I never, ever play basketball now – By @charlesfare
By Charles Olafare
I never, ever play basketball now
My favourite band are a group called Prefab Sprout. They hail from County Durham and are the brainchild of a man named Paddy McAloon. You might half remember their one-hit-wonder, King of Rock and Roll, or maybe you’ll have heard that same song’s absurdist refrain: Hot dog / Jumping frog. / Albuquerque!
I couldn’t tell you what that chorus is all about, but the rest of the song is kind of a treatise on getting older. If you sit to listen, you can hear it in the very first line: All my lazy teenage boasts / are now high precision ghosts / and they’re coming round the track / to haunt me.
To me that lyric is all about catching glimpse your past self in the rear-view mirror and the dread that comes from witnessing all the stupid things you’ve said or done catch up with you.
There’s canny universalism to that, isn’t there? Everyone’s getting getting older, all the time. And we’re all haunted by the ghosts of roads not taken or good decisions made bad by the non-stop passage of time.
A lot of Prefab Sprout songs tackle this subject matter. Over the course of 40 years, Mr McAloon has elevated lamentful pop songs into an artform. The song I never play basketball now is yet more proof of this artisanship.
There’s no non-sequitur choruses in this one, but it’s a screamer nonetheless. Again, it deals with the idea of the past catching up to you. The sudden shock of the future becoming the present and the tinge of grief you feel for all the things you gave up to get there.
Here’s a verse that’s always stuck out to me: After the last unholy row / I never, ever play basketball now / It joins a list of things I’ll miss / Like fencing foils and lovely girls / I’ll never kiss.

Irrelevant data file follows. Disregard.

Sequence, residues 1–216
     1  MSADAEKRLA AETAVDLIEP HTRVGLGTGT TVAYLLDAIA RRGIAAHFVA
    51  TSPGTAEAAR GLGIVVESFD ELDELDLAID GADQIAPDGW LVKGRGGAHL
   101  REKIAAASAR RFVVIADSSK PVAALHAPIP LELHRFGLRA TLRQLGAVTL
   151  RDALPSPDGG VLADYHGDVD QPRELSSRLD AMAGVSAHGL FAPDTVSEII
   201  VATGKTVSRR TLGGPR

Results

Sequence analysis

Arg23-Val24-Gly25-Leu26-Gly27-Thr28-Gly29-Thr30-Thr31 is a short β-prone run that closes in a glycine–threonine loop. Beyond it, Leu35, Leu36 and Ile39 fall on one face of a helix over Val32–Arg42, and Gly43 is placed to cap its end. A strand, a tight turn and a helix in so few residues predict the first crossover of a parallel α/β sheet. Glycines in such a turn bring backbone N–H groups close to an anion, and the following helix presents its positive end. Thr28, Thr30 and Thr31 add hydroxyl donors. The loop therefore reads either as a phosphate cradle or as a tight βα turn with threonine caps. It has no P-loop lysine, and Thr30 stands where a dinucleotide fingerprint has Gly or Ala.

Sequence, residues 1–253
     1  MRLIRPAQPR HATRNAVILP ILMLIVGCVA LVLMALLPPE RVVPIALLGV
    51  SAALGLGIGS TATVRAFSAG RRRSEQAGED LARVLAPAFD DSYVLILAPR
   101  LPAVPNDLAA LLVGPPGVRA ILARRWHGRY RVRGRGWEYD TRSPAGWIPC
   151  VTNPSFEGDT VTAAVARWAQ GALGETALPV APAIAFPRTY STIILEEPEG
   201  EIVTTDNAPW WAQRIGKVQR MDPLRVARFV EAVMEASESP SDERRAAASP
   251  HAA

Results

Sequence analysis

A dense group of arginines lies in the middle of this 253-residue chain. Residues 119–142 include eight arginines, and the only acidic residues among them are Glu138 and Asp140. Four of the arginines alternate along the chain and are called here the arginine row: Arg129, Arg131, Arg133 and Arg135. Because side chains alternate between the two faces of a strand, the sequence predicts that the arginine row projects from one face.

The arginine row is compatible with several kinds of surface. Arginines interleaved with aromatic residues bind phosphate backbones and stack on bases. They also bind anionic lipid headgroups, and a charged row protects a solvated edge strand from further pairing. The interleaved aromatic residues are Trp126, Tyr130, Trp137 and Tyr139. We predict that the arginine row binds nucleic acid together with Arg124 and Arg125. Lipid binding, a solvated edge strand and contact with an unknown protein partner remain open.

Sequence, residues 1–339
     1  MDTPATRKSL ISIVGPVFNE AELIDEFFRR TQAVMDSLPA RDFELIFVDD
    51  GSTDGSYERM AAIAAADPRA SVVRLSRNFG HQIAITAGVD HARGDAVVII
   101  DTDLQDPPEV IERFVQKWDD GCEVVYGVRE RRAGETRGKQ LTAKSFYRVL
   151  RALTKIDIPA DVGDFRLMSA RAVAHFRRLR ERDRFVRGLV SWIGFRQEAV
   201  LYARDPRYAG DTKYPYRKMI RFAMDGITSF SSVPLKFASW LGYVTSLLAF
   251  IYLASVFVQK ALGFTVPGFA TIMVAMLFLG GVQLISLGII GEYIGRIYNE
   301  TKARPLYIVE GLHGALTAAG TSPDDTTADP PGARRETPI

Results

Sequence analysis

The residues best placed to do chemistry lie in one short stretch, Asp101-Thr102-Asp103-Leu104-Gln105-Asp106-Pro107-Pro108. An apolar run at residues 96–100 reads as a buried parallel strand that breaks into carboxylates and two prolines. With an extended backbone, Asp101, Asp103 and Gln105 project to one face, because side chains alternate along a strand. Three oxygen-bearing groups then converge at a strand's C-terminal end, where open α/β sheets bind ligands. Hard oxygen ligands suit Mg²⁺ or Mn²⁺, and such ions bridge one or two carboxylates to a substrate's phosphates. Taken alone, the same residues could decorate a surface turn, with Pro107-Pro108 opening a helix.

So, exactly why am I banging on about this fucking band? It’s simple, really. Up until about two weeks ago, I still hadn’t completely made my mind up about starting at SCA. The choice between staying where I was and coming here left me with a pretty perilous fork in the road.
It sounds stupid to say out loud, but part of my decision making process involved consulting the collected works of Prefab Sprout for advice. Trust me when I say that this band have a back catalogue full of life lessons. I guess the lesson I got from these particular songs (among plenty of others), is that you live and you die with your regrets. The path not taken can haunt you something crazy.
It’s the end of my first week at SCA and I’ve not felt even the faintest hint of apprehension. Coming here is one of the few times in my life I’ve made a decision that I don’t feel haunted by. And that’s great, obviously.
But anyway, ignore all that flowery emotional stuff. Do yourself a favour: open up Spotify and throw on one of the following Prefab Sprout albums:
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